Blog

Attorneys Selling Drugs

/ 14.Jan, 2014

pill bottleThe news yesterday that Malvern attorney Arthur D. Goldman was charged with selling high-end wine without a liquor license is somewhat unusual in that it involved 2,426 bottles of wine valued between $150,000 and $200,000.  What is not terribly unusual is an attorney’s alleged involvement in the illegal sale of a narcotic.  In December of last year, Norristown attorney Gregory Noonan was arrested for selling Oxycodone to an undercover officer.  Ironically, Noonan was arrested a month after representing Dr. Richard Ruth at his trial for unlawful prescription of Oxycodone.  In October 2013, a Towson, MD attorney, Jill Swerdlin, was charged with sneaking drugs to clients in jail.  In September 2013, the Illinois Attorney Registration and Disciplinary Commission recommended a four-year suspension for attorney Robert Huff (one of the three member panel recommended disbarment), convicted of conspiracy to distribute 1,000 kilograms or more of marijuana.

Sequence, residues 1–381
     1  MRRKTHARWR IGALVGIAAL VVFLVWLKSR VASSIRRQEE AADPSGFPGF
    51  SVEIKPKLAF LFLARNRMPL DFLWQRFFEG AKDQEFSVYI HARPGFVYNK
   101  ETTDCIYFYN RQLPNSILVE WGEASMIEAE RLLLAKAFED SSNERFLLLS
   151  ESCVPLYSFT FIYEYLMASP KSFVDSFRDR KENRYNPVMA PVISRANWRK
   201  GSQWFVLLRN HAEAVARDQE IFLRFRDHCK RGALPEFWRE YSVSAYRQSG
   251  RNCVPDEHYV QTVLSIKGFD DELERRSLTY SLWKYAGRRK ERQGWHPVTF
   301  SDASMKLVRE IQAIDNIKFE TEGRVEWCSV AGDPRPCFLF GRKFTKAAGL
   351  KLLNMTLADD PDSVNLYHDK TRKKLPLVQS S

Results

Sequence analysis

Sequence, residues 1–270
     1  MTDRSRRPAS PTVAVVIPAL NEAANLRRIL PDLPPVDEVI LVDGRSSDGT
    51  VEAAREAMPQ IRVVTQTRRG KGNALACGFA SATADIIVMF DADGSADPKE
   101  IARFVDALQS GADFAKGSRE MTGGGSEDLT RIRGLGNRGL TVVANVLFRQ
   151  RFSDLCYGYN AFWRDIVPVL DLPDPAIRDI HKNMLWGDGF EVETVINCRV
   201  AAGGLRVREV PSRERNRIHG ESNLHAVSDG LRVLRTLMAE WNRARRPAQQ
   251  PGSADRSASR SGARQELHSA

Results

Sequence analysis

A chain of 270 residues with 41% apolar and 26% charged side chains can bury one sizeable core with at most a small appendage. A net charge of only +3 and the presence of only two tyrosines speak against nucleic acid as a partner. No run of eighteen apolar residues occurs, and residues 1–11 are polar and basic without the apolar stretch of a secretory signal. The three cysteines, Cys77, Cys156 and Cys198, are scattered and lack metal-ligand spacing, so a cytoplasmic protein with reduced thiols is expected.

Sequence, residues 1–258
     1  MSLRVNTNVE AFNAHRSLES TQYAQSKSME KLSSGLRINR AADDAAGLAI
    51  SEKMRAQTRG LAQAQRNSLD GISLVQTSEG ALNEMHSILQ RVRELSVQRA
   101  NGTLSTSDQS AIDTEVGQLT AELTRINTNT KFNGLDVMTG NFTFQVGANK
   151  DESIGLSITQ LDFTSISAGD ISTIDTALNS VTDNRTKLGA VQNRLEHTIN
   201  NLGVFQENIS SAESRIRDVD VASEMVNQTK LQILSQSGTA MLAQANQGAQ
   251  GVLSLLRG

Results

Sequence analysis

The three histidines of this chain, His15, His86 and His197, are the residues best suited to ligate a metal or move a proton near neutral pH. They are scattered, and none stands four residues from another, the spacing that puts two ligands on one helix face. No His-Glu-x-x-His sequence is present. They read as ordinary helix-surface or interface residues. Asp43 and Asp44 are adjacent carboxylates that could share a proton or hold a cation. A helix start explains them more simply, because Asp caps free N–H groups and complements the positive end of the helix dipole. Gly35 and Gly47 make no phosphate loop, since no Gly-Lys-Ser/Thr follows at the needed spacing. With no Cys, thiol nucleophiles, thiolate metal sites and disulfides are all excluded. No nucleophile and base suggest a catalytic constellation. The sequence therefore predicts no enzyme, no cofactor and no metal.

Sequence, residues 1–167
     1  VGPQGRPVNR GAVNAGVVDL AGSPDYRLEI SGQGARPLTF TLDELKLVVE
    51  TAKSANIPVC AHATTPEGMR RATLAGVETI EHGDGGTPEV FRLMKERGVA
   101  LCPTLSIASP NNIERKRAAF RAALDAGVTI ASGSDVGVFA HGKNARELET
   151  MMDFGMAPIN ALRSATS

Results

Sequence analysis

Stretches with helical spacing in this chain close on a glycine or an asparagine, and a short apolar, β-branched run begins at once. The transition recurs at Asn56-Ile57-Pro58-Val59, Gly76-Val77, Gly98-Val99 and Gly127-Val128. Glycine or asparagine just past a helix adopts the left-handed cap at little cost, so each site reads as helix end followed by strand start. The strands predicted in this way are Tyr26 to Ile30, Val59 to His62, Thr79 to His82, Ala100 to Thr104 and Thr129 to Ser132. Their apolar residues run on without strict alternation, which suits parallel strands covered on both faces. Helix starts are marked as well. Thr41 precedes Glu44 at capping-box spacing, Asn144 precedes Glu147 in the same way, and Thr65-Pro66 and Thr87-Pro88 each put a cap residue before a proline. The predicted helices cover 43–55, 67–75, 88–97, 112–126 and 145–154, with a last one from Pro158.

As has repeatedly been noted on this blog, it is a violation of Rule of Professional Conduct 8.4(b) to “commit a criminal act that reflects adversely on the lawyer’s honesty, trustworthiness or fitness as a lawyer in other respects.”  Drug and alcohol offenses are generally deemed to fall within Rule 8.4(b).  See, Pennsylvania Disciplinary Counsel vs. Yanoff, No. 71 DB 2012 (October 4, 2012).  Because Rule 8.4 deals with the attorneys conduct, rather than the conviction, an attorney can face discipline even if acquitted of charges.

Josh J.T. Byrne, Esquire

Comments